CI KIM: Who Can Say What?
Period | 23 July– 21 August, 2011
Venue | Arario Gallery Seoul samcheong
Works | 31 pieces including installation, painting and photography
Opening Reception | 5pm July 23rd, 2011 at Arario Gallery, Cheonan
Arario Gallery proudly presents Who Can Say What?, a solo exhibition by Ci Kim. To be held in Arario Gallery Cheonan from July 14th to August 21st and in Arario Gallery Seoul from July 23rd to August 21st, this exhibition displays approximately 20 paintings, photographs, installations and various works of different medium produced by the artist since his last solo exhibition in 2009.
Having established himself as an entrepreneur, contemporary art collector and gallery owner for over 30 years as well as an artist for over 10 years, Ci Kim has a unique colorful career history. The various interactive relationships that are formed through the exchanges of social and cultural structures surrounding the artist and his personal pursuit for self-realization and understanding hybrid identities forms the essential basis for understanding Kim’s art. To actualize his newly-found dream of becoming an artist, Ci Kim has been challenging the existing social bias, misconceptions and fixed image of himself, working on various art works like paintings, photographs, large sculptures and installations that push beyond the boundaries of the medium.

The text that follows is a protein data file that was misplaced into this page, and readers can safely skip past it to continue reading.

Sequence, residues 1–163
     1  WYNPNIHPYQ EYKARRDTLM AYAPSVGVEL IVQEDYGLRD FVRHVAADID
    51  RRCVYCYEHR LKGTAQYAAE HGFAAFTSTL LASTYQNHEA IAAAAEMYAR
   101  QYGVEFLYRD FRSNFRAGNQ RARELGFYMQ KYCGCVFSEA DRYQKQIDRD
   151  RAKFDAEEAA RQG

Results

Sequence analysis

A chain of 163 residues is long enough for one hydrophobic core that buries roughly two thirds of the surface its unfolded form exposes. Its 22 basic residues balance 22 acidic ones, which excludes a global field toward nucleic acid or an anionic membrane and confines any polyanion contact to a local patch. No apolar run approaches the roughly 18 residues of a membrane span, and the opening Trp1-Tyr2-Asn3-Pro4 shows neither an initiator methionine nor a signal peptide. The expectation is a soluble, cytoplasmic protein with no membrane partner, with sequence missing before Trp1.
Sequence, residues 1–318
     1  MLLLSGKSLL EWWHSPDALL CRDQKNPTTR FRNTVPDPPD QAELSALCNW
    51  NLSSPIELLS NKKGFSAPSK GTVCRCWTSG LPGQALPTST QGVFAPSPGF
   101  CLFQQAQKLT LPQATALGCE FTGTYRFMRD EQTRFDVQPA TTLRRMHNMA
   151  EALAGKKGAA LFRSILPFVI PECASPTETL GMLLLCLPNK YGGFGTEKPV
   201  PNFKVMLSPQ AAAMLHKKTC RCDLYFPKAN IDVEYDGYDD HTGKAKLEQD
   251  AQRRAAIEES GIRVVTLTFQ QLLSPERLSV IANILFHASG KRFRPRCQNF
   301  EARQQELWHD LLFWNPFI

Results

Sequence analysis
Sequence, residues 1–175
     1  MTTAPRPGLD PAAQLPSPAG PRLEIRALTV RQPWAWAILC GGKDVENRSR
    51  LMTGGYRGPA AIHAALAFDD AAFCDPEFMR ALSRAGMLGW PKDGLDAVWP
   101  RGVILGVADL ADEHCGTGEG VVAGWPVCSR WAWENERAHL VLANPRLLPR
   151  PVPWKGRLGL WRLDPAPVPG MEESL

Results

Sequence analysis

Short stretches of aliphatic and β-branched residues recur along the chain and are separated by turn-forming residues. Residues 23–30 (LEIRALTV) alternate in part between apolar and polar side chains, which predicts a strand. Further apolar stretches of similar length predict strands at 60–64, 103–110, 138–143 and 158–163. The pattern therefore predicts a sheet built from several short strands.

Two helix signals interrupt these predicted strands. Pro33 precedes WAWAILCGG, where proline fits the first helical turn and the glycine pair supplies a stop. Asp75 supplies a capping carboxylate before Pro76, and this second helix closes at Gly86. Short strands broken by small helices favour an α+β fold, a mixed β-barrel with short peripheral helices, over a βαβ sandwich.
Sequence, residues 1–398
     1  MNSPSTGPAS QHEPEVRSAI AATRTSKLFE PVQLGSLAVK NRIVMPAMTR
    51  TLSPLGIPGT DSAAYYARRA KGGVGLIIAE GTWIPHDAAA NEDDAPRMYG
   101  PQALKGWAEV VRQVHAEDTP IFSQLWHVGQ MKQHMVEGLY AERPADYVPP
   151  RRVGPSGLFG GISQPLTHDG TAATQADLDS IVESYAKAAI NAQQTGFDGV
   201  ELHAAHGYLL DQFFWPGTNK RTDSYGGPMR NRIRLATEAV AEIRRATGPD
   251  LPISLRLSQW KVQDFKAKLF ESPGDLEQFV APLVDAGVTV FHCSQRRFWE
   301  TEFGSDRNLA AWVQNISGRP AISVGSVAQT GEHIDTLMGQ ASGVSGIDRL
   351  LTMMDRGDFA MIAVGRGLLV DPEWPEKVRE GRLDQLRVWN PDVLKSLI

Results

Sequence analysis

The exhibition title Who Can Say What? is simultaneously a question the artist casts to himself and to the world. DJ Don Imus — the famous American radio DJ who had to end his 30-year radio broadcasting career due to his racist remark that stirred up public criticism in 2007 — appeared on the cover of Times magazine with a post-it that read “Who Can Say What?”. Ci Kim transformed this image onto a large canvas through his signature-style expressive language. One can figure out that the question “Who Can Say What?” and the issues concerning the freedom of expression and acceptable talk stirred by the Don Imus incident run parallel to the questions the artist confronts continuously as he challenges the authority of art and resists social prejudice filled with drawing lines and taking sides.
Questions as to whether one can speak, what to speak (if one can), and where and how the line (that draws its limits) is drawn, are issues of consideration for all artists living in this generation that seems to claim freedom of expression as if everything is possible. Through the process of researching various structures surrounding the issues of identity, Ci Kim finds inspiring mirror images from various media and cultural history.
Examples of such figures include portrait of the tormented Van Gogh who has become the symbolic soul of artists, the rebellious child of this generation and talented poet Lee Sang, the legendary king of pop Michael Jackson, and Charlie Chaplin who rewrote the loneliness of the times into comedy.